And as our mothers comfort us, with sighs too deep for words, as Mary held Jesus at his birth and at his death, as Janet holds Elianna and can feel in her what Elianna can’t yet even name, the grief and the fears and the sorrows of humanity and the sweet hope of her young life, so the Holy Spirit is how God feels the deepest parts of us.

These are the promises of God that are bound up in God’s name. These are the promises we claim. These are the pledges of which baptism is the sign and seal. These promises are unilateral. They don’t depend on us. God does them anyway. All we have to do is believe them, and live our lives as we believe them. And we will see in our lives the signs and wonders of how God is keeping them. Here is a sign today that you can wonder at.

Copyright © 2008 by Daniel Meeter, all rights reserved.

Sunday, May 18, 2008

Update on the Elm Tree

I wrote too fast. "It ain't over till it's over."

The elm tree is still up. They didn't take it down; they removed just a few large limbs.

But it can't be healthy. I don't know if it's completely dead, but it hasn't budded like it should by this time of year. The other elms on Third Street are fully fledged with leaves. On this one the only buds I can see are way high up, but they look like winter buds.

I will keep you posted. In honor of the tree.

Thursday, May 15, 2008

Sermon at a Requiem for an Elm Tree

This is a requiem for an elm tree in Park Slope.
It was such a grand tree, one of two great elm trees on Third Street. This is the one near Prospect Park West. I think the house behind contains a couple famous writers, but of the history of love I am an amateur. Ha.
I noticed last August how early it had lost its leaves. A neighbor said it did that every year, but I only half believed him, and I worried about the tree. Now I guess we know that it had been dying for a while.
This spring it barely budded at all. And so they came to take it down. Today, Thursday.
The tree surgeon was up in his bucket when I got there, but he asked me not to take his picture. As they lowered him I thought of a preacher in an old high pulpit, not least because of how loudly and confidently he was declaiming to all the people standing round, both workers and watchers. He announced that the tree had not died from Dutch elm disease. He said it died from what "someday will happen to me, and to you, and to you, and to you, and to every other living thing: old age." He knows a lot more about trees then I do, but I don't believe it died from old age. I wonder how much of what I say my parishioners do not believe?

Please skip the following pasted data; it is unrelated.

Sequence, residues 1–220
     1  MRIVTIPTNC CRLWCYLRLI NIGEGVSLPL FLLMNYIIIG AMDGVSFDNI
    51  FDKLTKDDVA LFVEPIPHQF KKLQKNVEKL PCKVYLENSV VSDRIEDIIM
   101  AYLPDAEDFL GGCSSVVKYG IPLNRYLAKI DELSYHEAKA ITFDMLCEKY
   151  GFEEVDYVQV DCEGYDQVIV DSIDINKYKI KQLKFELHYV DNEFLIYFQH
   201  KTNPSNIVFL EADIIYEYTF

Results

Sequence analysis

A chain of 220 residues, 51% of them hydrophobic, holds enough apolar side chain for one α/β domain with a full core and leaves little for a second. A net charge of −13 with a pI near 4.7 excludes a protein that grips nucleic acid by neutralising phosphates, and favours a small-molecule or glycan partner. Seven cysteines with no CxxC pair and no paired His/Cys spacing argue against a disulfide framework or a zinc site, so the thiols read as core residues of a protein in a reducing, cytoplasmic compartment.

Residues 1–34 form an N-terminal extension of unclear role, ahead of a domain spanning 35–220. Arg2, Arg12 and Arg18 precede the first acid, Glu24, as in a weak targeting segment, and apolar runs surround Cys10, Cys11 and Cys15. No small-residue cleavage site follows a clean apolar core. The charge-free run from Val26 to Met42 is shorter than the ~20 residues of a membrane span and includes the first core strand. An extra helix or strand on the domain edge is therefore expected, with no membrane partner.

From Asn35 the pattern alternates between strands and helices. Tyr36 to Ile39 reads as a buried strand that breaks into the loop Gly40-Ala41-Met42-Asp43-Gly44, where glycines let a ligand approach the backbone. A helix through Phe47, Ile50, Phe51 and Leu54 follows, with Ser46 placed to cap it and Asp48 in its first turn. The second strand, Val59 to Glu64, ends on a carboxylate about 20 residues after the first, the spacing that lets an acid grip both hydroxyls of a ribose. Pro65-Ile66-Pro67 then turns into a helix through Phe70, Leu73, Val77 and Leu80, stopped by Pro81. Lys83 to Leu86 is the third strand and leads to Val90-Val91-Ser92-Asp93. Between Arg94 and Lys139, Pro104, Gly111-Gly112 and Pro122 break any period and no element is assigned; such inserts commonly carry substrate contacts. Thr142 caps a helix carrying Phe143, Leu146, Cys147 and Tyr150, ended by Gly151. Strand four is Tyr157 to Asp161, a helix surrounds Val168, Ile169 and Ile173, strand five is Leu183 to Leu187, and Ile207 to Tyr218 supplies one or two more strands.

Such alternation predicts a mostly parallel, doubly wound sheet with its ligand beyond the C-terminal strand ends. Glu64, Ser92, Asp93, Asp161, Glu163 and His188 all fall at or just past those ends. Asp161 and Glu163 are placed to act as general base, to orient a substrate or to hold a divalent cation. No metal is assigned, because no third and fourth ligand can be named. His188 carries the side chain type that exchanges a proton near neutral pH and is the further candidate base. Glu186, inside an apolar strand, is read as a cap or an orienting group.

Thank you tree, for the wonderful beauty you gave us while you lived. Thank you God for this tree. The birds thank you, and so do the bugs.
My older brother and I became tree lovers early on. As kids we spent our time in trees, and because we had the biggest backyard in our section of Bedford-Stuyvesant (we lived in a parsonage) all our friends and playmates were in our trees as well.
We were pre-teens when we first read The Lord of the Rings, and Tolkien only quickened and increased our love of trees. (One of the awful things about those movies is how little comes through of Tolkien's love of trees and flowers and birds and food. And language and poetry.) We feel like trees have personalities. There are some trees in Brooklyn I think of as my friends.
My brother especially loved elm trees. We grieved that so many had died of Dutch Elm Disease. (It's originally from Asia, but it got its name from its earlier victims in the Netherlands.) Right in the middle of downtown Sayville, Long Island, there was a majestic elm that must have been resistant, and its seedlings were growing in all the alleys and behind the stores. We transplanted two of them in our yard. They grew wonderfully. After we moved away from there, one of them was cut down, but the other one still thrives, and you can see it on Google Earth.